To build our local talent pool, we must break the bottlenecks preventing young British Columbians from getting the training and opportunities they crave in areas like engineering and computer science. We can start by increasing apprenticeships and vocational programs in high schools to let students stream into tech earlier. We should also make more tech learning programs available in rural and remote communities, given their potential to stimulate and support micro-clusters of local employment and opportunity. 

When it comes to post secondary programs that are key to the growth of our innovation economy, we need to increase the number of available seats by multiples, not percentages. Now, not 10 years from now. 

Liveability 

Whether it’s over beers with friends or on the campaign trail (I’m running to lead the BC Liberals), I hear the same thing time and again from tech leaders and workers. They want to stay and grow here, but above all else affordability makes that nearly impossible, with expensive housing exacerbated by the average tech worker earning less than half as much as their peers in San Francisco.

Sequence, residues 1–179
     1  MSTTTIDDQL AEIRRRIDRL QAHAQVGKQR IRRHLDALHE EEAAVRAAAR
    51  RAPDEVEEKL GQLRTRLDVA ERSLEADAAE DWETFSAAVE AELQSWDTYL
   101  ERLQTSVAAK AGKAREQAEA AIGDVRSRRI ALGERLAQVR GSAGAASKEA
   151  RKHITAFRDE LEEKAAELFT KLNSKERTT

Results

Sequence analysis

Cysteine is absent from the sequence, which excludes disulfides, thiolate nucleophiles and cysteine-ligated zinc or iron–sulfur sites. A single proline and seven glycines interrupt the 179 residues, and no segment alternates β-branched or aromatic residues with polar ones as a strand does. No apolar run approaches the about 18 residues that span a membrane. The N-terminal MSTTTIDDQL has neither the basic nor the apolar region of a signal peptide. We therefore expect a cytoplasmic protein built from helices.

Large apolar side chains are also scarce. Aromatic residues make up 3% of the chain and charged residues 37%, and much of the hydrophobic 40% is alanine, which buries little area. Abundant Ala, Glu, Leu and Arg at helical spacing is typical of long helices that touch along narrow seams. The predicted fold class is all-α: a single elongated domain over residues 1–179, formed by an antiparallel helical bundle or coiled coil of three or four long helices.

There are no magic bullets when it comes to the complex balance of wages, affordability, and innovative economic growth. We don’t need blame games or utopian promises; we do need leaders who can directly understand and address those tensions rather than pretend they don’t exist. 

 We need to fix fundamentals like housing and childcare, so that tech people can afford to thrive here in the long run, not just survive for long enough to get an American work visa.